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Indian Miners barred from airborne surveys from low-altitude flights

The Director-General of Civil Aviation (DGCA) of India has refused permission to private investors in mining to carry out airborne geophysical surveys with aircraft flying at a height of less than 120 metres.

Almost the entire private investment in mining is foreign direct investment (FDI).

Till date, the Government has approved approximately Rs 4,000 crore FDI in mining, but the inflow is just Rs 200 crore mainly because of delay in starting survey work, which is the starting point for any mining activity.

Private sector investors, particularly the mining majors based in Australia, Canada and the US, had been insisting on permission to fly lower than 120 metres in order to make a realistic estimate of the country’s underground mineral resources.

The DGCA has informed the Ministry of Coal and Mines that it is not possible to allow flights below 120 metres because of safety and security reasons, Ministry officials told Business Line.

Private investors in mining had raised the issue of simplification of procedures for granting permission for airborne geophysical surveys and allowing flights at lower levels. The Ministry of Mines, in turn, took up the issue with the DGCA.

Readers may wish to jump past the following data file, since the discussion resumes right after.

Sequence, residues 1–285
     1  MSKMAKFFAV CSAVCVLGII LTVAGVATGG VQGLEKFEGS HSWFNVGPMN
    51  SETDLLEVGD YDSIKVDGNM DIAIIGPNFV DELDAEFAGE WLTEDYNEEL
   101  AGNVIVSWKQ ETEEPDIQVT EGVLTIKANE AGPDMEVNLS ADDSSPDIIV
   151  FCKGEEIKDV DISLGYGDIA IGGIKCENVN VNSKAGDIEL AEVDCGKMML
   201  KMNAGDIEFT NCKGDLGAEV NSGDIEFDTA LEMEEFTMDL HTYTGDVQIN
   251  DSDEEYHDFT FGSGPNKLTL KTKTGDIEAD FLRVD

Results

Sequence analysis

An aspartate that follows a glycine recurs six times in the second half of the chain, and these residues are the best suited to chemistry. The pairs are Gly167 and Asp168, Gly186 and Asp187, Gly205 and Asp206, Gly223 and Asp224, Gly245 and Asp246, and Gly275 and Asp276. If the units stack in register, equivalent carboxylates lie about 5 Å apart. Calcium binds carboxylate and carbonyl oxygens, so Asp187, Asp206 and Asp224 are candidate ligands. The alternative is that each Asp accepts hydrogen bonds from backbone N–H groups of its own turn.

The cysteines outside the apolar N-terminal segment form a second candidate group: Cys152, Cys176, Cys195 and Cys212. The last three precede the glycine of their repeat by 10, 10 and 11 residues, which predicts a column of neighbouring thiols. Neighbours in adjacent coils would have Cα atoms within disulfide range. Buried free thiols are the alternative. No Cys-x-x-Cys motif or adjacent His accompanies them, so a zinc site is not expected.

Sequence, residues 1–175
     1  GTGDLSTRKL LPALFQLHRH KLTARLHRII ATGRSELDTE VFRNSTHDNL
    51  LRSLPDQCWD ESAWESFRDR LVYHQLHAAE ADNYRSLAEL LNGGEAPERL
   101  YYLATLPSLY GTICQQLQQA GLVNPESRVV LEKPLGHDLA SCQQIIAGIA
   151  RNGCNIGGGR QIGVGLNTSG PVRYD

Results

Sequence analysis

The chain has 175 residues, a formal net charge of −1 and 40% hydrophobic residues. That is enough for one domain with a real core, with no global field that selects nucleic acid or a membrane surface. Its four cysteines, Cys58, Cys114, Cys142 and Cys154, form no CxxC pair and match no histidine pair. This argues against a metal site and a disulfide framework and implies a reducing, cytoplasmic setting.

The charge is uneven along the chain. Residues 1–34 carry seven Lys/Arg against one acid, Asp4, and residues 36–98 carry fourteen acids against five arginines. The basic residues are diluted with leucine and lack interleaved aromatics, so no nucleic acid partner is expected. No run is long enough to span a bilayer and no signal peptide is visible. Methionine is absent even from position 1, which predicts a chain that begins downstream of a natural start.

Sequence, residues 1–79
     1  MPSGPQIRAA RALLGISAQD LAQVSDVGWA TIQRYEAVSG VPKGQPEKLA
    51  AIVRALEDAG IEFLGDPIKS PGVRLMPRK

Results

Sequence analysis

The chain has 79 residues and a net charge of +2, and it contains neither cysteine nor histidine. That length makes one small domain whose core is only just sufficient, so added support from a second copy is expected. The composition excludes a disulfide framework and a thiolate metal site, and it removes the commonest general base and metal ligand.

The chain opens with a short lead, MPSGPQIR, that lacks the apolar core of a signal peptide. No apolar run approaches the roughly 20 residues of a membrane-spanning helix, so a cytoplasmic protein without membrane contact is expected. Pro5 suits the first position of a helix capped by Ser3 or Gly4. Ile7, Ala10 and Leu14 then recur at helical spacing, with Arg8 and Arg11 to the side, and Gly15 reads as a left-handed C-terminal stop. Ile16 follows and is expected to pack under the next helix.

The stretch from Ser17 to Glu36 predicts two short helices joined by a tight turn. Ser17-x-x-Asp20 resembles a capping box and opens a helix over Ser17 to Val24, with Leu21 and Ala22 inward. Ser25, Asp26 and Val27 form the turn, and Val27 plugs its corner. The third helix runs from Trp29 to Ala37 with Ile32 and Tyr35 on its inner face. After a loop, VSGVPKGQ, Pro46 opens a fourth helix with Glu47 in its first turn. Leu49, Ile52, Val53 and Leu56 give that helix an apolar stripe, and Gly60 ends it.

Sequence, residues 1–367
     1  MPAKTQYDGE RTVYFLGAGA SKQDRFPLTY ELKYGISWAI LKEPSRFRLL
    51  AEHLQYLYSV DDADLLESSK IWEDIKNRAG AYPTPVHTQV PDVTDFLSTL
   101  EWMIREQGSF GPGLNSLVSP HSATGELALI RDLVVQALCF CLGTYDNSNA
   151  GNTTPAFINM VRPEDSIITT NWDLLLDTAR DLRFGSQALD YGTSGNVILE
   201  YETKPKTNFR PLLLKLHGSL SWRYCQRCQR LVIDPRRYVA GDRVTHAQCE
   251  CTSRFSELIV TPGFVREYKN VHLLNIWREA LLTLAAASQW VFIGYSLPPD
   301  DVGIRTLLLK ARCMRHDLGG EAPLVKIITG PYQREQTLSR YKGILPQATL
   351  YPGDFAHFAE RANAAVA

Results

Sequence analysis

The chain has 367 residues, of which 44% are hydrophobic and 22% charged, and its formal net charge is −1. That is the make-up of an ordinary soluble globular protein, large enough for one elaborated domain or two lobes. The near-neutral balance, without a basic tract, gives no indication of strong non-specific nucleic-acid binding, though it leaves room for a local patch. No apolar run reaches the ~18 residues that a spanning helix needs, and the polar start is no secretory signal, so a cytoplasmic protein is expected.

Currently, aerial surveys in the country are carried out in accordance with Aircraft Rules, 1937, which permit aircraft to fly at a minimum height of 120 metres. Similar surveys in the US, Canada and Australia are done from aircraft flying at 30 metres above the ground.

The Geological Survey of India (GSI) is also of the opinion that lower flights should be allowed. A senior geologist with GSI said, “Any survey aircraft will try to fly as low as possible because then the sensor gets much more stronger signals which come from deep beneath the earth. If you cannot fly low, then some signals may be missed also. Then it will not be possible to make an estimate of underground resources.”

The DGCA has, however, informed the Ministry that while it cannot permit flights at lower heights under the Aircraft Rules, 1937 – and there is no proposal to change the rules pertaining to aerial surveys either – it will certainly initiate steps to reduce the time taken for disposal of applications related to mining surveys.

This has also been cited by foreign investors as one of the reasons for delay in beginning work.